But QR codes have been around since the 1990s and it was first used as a way to track vehicle parts.  In the same way that you could track your cargoes and, to an extent, your fleet.  You can just scan the QR codes on your cargoes and your vehicles instead of manually logging these information.  This way, the whole process is faster and error-free!

Wi-Fi

Wi-Fi is a networking protocol that is wireless.  Meaning, you can connect to it without needing to attach cables to your devices.  For most people, it is a way to get on the Internet without wires and cords, making it very convenient to move around with your devices.

When it comes to fleet management, you can use a GPS tracker or you can use Wi-Fi to do the same.  A Wi-Fi positioning system makes use of several Wi-Fi access spots in order to determine your vehicle’s location.  Aside from access points, it also makes use of cell phone towers and GPS to help with the triangulation, thereby coming up with your location.

Wi-Fi positioning systems might suffer from a lack of accuracy owing to the fluctuating Wi-Fi signals and things that could block a clear signal, such as buildings and noise. Aside from determining location, Wi-Fi is also very useful in tracking your fleet right from the vehicle itself, being able to send location data with an Internet connection.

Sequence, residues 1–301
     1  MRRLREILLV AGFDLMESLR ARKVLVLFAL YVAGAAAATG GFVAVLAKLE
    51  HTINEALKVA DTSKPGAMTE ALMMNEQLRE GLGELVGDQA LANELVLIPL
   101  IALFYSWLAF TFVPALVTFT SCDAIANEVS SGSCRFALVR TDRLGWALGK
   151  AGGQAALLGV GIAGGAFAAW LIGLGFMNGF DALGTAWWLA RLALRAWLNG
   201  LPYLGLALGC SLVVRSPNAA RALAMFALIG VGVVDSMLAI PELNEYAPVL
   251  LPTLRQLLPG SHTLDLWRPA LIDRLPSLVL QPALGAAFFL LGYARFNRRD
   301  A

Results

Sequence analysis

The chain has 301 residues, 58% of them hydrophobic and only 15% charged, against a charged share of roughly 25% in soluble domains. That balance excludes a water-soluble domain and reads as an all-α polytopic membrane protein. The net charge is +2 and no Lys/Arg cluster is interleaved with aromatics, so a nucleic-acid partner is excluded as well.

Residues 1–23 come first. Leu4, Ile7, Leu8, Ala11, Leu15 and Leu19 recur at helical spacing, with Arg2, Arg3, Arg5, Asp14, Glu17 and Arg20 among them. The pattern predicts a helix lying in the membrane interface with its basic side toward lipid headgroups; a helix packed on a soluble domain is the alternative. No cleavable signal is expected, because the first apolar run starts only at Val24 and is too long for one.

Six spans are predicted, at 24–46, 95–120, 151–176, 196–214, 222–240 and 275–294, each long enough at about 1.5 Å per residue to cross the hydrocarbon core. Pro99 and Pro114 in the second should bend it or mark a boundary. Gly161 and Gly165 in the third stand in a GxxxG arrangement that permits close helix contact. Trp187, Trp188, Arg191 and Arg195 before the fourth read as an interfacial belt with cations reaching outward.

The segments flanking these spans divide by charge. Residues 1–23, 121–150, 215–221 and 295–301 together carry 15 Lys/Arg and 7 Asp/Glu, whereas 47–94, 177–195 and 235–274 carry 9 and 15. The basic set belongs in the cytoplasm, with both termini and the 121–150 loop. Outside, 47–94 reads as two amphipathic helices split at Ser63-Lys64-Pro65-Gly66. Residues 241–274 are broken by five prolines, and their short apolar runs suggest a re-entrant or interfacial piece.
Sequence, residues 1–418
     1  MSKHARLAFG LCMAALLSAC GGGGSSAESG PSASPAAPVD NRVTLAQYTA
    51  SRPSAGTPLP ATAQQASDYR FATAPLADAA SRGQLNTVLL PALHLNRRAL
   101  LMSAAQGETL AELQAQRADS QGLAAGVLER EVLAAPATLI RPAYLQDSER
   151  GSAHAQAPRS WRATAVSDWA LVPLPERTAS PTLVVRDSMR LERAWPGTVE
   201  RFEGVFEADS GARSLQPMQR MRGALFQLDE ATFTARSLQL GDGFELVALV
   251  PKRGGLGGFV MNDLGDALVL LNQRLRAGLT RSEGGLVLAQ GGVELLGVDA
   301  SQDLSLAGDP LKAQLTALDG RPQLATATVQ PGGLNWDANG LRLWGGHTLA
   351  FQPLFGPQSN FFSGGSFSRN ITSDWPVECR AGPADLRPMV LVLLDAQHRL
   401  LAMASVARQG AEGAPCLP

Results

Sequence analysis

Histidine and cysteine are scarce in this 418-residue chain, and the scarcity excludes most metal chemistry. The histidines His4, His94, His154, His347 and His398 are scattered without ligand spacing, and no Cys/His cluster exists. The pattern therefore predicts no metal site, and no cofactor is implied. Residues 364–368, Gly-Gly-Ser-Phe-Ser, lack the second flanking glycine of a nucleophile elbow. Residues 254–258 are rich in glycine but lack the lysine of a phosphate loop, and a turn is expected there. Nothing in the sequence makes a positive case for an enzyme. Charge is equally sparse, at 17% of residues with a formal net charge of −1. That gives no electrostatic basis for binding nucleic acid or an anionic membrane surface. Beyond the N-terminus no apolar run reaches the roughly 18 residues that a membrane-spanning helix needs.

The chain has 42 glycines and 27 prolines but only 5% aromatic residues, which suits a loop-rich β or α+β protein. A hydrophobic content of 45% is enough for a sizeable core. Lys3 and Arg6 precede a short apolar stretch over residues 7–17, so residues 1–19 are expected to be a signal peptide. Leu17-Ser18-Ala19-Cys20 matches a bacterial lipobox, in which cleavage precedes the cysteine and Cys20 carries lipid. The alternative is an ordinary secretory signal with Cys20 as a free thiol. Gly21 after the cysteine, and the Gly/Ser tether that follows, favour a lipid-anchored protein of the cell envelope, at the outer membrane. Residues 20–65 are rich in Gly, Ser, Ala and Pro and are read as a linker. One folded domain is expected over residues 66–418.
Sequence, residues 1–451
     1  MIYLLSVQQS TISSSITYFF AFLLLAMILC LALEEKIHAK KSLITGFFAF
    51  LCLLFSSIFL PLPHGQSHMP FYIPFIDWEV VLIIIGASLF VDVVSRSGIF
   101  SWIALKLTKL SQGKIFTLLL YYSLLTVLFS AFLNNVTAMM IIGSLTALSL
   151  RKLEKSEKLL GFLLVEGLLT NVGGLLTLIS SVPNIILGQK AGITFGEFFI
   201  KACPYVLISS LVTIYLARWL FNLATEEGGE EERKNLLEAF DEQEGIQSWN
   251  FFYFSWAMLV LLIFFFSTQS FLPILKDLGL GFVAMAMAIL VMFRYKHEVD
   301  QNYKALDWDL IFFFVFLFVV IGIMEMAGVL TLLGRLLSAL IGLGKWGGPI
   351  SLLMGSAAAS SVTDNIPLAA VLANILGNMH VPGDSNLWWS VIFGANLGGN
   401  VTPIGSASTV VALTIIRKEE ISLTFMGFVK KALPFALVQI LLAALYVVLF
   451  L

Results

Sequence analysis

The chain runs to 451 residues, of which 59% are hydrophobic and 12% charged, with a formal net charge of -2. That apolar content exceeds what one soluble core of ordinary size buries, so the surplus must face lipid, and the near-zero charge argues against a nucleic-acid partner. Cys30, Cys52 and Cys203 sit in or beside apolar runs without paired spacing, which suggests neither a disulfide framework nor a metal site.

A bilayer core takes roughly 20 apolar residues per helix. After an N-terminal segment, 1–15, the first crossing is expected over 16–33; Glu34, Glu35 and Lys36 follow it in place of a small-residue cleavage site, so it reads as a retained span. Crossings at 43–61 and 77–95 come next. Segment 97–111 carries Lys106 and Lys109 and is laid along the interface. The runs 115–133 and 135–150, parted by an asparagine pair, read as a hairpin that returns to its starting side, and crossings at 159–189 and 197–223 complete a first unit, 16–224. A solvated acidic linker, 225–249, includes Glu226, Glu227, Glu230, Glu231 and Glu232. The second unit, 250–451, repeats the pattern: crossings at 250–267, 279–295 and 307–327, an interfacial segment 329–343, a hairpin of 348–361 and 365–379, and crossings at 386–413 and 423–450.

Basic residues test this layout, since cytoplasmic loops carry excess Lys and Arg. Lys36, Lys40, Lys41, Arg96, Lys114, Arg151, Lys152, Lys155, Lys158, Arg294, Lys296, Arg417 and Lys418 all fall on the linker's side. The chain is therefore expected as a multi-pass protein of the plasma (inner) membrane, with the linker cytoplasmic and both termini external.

Bluetooth

Bluetooth is a wireless technology that allows you to transmit and exchange data over short distances.  But unlike other wireless technologies, Bluetooth allows you to connect several devices at once.

In fleet tracking, Bluetooth technology is used to gather location data from the GPS.  This is good for offline data logging wherein the Bluetooth device would automatically keep track of all the location data from the GPS and then logs it.  To view the data, you would need to download it and see the completed route on a map.

Now you have an idea of how wireless technologies aid in fleet tracking systems.

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Robert Prime launched telematics.com in early 2013 and has over 10 years experience in the financial sector. He specialises in business startups and online marketing with a passion for new technology.